Tests Used to Diagnose Allergies

By Spader, Catherine, RN

If you often suffer from allergy symptoms—runny nose, itching, rashes, or wheezing—allergy testing can help you find out exactly what is causing your symptoms. Today’s tests are more accurate and convenient and the most important step toward designing a treatment plan to control and even eliminate your symptoms.

Why Should I See My Doctor?

Symptoms of different allergies and conditions can be very similar. For the most accurate diagnosis and the most effective treatment plan, your doctor or an allergist can perform a complete evaluation and a series of tests.

You can help your doctor by:   

  • Compiling a medical history. Be prepared to provide detailed information about your symptoms, when you notice them the most, and any personal and family history of other allergy-related conditions including eczema and asthma.

  • Keeping track of your symptoms. Your doctor may ask you to keep a record of your symptoms including when and where they occur, how severe they are, how long they last and what you were doing or eating at the time. The symptom log is particularly helpful for if your doctor suspects that you have a food allergy.

Allergy Tests Your Doctor May Order

After completing your medical history and physical exam, your doctor may order certain types of allergy testing. There is no single test that can diagnose allergies and what substances cause your symptoms. Your doctor may need to perform multiple tests including:

  • Skin testing. Skin testing involves putting a drop of an allergen on the skin—usually the back or forearm—and then pricking the area with a needle so a small amount of the substance gets under your skin. If you are allergic to the allergen, you will develop a bump or redness at the site. Since the skin prick testing is not completely accurate, your doctor may order another skin test in which a small amount of allergen is injected just under your skin. These patch and intradermal tests also involve watching for a reaction after injecting an allergen into the skin.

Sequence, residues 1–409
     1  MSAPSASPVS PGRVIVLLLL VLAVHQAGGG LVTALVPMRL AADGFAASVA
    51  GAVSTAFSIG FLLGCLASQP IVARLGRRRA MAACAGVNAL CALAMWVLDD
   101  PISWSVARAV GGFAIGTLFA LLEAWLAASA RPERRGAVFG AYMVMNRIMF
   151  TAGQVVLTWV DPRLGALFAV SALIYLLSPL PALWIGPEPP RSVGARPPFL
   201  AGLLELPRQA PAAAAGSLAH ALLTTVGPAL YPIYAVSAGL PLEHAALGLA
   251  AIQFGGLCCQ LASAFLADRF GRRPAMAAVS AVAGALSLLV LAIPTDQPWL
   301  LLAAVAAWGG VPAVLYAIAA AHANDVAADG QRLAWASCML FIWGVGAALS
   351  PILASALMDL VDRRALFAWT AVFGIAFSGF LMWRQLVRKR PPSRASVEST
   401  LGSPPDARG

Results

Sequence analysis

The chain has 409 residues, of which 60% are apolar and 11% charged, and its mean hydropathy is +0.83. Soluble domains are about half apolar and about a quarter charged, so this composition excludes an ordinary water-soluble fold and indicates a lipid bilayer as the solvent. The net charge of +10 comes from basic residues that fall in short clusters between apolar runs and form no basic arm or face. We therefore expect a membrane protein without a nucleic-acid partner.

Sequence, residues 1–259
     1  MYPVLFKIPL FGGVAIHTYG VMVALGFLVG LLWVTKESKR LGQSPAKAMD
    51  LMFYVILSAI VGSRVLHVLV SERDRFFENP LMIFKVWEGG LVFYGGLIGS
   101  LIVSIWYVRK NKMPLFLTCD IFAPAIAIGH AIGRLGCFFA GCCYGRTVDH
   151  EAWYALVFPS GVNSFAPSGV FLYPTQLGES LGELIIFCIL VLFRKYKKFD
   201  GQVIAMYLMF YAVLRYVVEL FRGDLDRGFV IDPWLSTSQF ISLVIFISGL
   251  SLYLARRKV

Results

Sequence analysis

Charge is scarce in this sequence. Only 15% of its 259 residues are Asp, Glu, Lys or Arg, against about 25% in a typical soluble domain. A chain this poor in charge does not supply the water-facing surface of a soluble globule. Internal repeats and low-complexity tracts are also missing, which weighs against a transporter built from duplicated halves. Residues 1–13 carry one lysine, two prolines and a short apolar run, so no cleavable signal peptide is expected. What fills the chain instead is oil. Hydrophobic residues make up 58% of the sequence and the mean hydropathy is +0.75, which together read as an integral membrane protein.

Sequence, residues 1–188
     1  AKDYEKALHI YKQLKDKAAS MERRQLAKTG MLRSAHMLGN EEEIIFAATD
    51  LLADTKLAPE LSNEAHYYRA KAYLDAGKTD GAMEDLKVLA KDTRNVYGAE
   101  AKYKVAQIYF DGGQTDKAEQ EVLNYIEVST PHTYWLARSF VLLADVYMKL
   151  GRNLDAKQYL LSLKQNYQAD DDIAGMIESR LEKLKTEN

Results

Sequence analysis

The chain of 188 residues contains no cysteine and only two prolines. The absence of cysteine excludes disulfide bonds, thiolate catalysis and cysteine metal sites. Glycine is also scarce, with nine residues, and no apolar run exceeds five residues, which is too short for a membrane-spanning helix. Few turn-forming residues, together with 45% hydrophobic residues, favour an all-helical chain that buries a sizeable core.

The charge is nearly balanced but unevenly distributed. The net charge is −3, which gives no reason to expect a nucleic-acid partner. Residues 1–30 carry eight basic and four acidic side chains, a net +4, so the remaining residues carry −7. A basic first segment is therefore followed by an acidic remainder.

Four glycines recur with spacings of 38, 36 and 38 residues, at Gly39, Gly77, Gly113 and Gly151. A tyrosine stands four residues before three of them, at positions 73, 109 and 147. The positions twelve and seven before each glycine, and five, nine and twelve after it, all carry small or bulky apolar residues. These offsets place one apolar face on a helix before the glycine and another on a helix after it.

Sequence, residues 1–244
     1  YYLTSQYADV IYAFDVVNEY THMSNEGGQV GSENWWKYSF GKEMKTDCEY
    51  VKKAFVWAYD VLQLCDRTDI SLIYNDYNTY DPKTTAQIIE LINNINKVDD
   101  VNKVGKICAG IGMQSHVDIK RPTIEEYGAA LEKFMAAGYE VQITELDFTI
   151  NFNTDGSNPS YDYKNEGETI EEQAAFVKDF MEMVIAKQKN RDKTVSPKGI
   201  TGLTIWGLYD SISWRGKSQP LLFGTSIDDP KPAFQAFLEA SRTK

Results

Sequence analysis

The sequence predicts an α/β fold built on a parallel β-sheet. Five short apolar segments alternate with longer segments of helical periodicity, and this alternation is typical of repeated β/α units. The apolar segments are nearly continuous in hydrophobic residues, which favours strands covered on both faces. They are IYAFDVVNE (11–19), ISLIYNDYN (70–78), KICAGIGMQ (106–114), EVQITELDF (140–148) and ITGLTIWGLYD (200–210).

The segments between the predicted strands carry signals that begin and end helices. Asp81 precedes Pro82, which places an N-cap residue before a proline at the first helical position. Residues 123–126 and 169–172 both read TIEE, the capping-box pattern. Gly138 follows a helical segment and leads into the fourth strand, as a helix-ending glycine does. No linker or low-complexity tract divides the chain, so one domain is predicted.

• Blood tests. Blood tests involve drawing a blood sample and testing it for IgE antibodies. As part of an allergic reaction, your body produces certain IgE antibodies. Your doctor may also order a radioallergosorbent test (RAST). This blood test helps identify what causes your allergic reaction. Although a safer option for testing food allergies, RAST test are not as accurate for testing food allergies.

  • Provocation tests. Provocation or challenge testing involves exposing you to small amounts of allergen while you are carefully watched for signs of a reaction. For example, you will eat or inhale small but increasing amounts of different substances that might cause your allergies.

  • Elimination test. An elimination test is used see if you have a food allergy. During this test, you eliminate suspect foods from your diet for a week or more. Your doctor will tell you how to add the foods back into your diet, usually one at a time, while watching for signs of an allergic reaction.

You should understand that elimination testing is not always accurate. It can also be dangerous, especially if you have had a severe reaction to a certain food. You should not try an elimination diet by yourself without talking to your doctor.

Medical Reviewer: William C. Lloyd III, MD, FACS Last Annual Review Date: Dec. 15, 2013 Copyright: © Copyright 2013 Health Grades, Inc. All rights reserved. May not be reproduced or reprinted without permission from Health Grades, Inc. Use of this information is governed by the HealthGrades User Agreement.

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